You have found the perfect business idea, and now you are ready to take the next step. There is more to starting a business than just registering it with the state. We have put together this simple step guide to starting your flight school. These steps will ensure that your new business is well planned out, registered properly and legally compliant.
STEP 1: Plan your Business
A clear plan is essential for success as an entrepreneur. It will help you map out the specifics of your business and discover some unknowns. A few important topics to consider are:
- What are the startup and ongoing costs?
- Who is your target market?
- How long it will take you to break even?
- What will you name your business?
Luckily we have done a lot of this research for you.
What are the costs involved in opening a flight school?
The startup expenses associated with opening a flight school business are sizable. Major upfront costs include:
- Purchasing an office and classroom space
- Purchasing a hanger
- Purchasing airplanes
- Paying for liability and property insurance
A school will also have to buy fuel and pay instructors’ salaries, but these expenses can often be covered with students’ initial payments.
Altogether, the startup costs listed above easily reach six, and sometimes seven, figures. Most business owners must take out a loan to pay for all of these expenses.
Some business owners decide to minimize the capital (and, therefore, the size of the loan) they need by leasing office, classroom and hangar space, and airplanes. Leasing, however, doesn’t let a business build up equity in its assets.
What are some insider tips for jump starting a flight school business?
Choosing a good location is essential to a flight school business’ success. Most areas can’t support many flight schools, so the ideal location is usually an airport that doesn’t yet have a flight school. The Federal Aviation Administration (FAA) maintains a directory of flight schools that interested entrepreneurs can use to check for schools near them.
Starting out, it can be tempting to offer low prices in order to attract students. Giving students deals on flight lessons, or even individual flights, can devastate a flight school business, though. Even partnering with daily deal sites to provide discounts on “discovery flights” could cost a business $90 per flight. Business owners should have a firm grasp of their operating expenses and required margins, and they ought to set prices accordingly from day one.
Instead of lowering prices to attract students, flight schools can help potential students look for scholarships and grants that may reduce their out-of-pocket. The FAA has a directory of scholarships and grants that students might qualify for.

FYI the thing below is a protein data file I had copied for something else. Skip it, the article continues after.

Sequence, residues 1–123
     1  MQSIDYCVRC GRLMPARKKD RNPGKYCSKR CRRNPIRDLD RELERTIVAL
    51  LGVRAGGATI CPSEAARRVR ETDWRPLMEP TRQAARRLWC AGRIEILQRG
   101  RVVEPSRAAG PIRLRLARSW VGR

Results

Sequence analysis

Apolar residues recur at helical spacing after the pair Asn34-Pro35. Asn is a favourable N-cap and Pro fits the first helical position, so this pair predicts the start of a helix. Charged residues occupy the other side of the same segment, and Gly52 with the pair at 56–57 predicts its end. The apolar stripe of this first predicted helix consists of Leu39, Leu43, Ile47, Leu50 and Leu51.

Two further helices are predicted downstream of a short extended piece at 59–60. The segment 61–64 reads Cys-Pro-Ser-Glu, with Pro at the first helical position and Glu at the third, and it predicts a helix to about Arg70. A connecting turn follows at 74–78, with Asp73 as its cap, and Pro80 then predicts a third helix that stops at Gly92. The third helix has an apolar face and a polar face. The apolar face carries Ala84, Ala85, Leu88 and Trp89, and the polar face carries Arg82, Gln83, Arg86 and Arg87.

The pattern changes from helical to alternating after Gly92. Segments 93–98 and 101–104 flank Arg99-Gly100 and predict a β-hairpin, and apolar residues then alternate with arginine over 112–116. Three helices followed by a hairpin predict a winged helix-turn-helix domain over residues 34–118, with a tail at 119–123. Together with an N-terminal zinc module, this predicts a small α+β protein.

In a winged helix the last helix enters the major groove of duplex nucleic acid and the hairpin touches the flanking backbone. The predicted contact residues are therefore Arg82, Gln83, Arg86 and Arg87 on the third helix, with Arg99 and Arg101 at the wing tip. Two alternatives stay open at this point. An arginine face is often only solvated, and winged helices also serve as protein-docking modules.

Another way to lower the entry cost for students without reducing per-hour rates is by offering training for a sport pilot license. A sport pilot license typically takes only 20 hours of training, which is about half of the training required to become a private pilot. Thus, the costs for students can be cut by about 50 percent while still covering the school’s ongoing expenses.
What are the ongoing expenses for a flight school?
The ongoing expenses for a flight school business, like the startup costs, are significant.
Maintenance costs are one of the largest ongoing expenses and can significantly decrease a flight school’s profits. To keep maintenance costs manageable, business owners should look for an airplane mechanic who will offer the school reduced rates in exchange for regular work.
Other significant ongoing expenses include lease or mortgage payments for a building and a hangar, fuel costs, insurance premiums and instructors’ wages.
Who is the target market?
A flight school business’ ideal customer is someone who has interest in flying and is wealthy. Learning to fly isn’t cheap. Usually, only individuals who have a decent amount of discretionary income are able to afford the coursework.
How does a flight school make money?
A flight school business makes money by charging students for training. Training typically consists of classroom instruction and one-on-one flight time with an instructor. Students who need additional training beyond the typical coursework may be charged on an hourly basis for one-on-one lessons with an instructor.
How much can you charge customers?
Training for a private pilot license costs most students between $6,500 and $12,000. These figures include exam and materials (e.g. flight computer, log book and navigation plotter) costs, but these are relatively small expenses. The vast majority of these sums goes to the flight school business and instructor that provides training.
Training costs are sometimes broken down into hourly rates for the instructor and for using a plane. For example, a student might pay $40 per hour for an instructor’s time, and $120 per hour for use of a training plane. (These are just example amounts; hourly rates vary).